Village of Olean v. Steyner

Decision Date04 October 1892
Citation135 N.Y. 341,32 N.E. 9
PartiesVILLAGE OF OLEAN v. STEYNER et al.
CourtNew York Court of Appeals Court of Appeals

OPINION TEXT STARTS HERE

Appeal from supreme court, general term, fifth department.

Proceedings by the Village of Olean to condemn an easement in land owned by John J. Steyner and Eleanora Dilks for a village street. From an order of the general term affirming an award of nominal damages, the landowners appeal. Affirmed.

Frank Rumsey, for appellants.

Fred L. Eaton, for respondent.

FINCH, J.

A motion is made to dismiss this appeal founded upon the provision of the charter of Olean, which makes the order of the commissioners, when approved by the county judge, final. We do not decide that question, since we are all agreed that the judgment should be affirmed, and prefer to dispose of the case on its merits.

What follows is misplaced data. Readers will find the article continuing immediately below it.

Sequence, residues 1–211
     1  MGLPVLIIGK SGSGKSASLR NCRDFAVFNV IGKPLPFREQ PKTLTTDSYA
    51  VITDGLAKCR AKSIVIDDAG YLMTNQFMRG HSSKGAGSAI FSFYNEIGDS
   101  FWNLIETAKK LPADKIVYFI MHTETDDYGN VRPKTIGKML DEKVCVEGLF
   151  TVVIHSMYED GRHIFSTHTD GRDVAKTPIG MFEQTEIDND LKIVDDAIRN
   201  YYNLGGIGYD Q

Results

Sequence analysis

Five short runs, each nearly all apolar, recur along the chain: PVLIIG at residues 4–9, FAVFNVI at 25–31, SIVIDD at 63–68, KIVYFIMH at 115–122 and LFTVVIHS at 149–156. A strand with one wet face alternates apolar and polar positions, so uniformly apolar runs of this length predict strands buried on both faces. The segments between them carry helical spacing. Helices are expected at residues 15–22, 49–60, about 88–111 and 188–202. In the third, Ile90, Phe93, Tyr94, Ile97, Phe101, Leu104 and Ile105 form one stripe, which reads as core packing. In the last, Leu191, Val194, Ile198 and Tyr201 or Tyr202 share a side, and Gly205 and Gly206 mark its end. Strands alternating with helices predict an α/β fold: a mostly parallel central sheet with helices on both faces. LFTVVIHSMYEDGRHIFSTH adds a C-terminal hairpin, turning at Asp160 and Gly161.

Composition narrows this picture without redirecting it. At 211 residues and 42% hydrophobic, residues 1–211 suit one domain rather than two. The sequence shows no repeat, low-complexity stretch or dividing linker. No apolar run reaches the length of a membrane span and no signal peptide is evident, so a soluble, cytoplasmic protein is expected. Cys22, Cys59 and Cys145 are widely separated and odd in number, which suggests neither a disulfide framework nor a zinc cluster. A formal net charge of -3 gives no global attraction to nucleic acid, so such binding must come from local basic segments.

I do not see how the village of Olean can raise the question of a dedication to the public use in this proceeding; for its very existence and prosecution necessarily involves an admission of the landowner's right, and an inquiry into his damages resulting from a necessary taking of that right. If Fifth street was in truth dedicated to the public use, and that dedication accepted by the municipal authorities, the commissioners were at liberty to open the street, and occupy and maintain it, without any proceeding whatever, because simply engaged in regulating and improving a street belonging as such to the village. But the municipality waived any such claim, if it existed, by proceeding under the charter to condemn the landowner's right, and to assess his damages for what was proposed to be taken from him. Manifestly, the village conceded his right when it instituted a proceeding to take it a way, and under a provision of the charter having no application except where there is an owner other than the village, and whose title is to be divested. To say that there is not such owner, and that the easement sought to be condemned belongs to the municipal corporation by the act of the owner, is to deprive the proceeding of all foundation, and invite its dismissal for that reason. The order cannot be sustained on such ground, for the charter does not authorize a taking of the fee, but only an easement for a village street, and precisely that easement had already passed, if there had been a dedication and acceptance, and the municipality finds itself in the awkward position of seeking to condemn its own property for its own use. The question thus necessarily becomes one, not of condemnation, but of title, and ends in the inquiry whether the village owns or does not own the easement; and that question cannot be raised or tried in a proceeding which assumes the landowner's conceded right, and is framed solely to ascertain his just compensation for parting with it.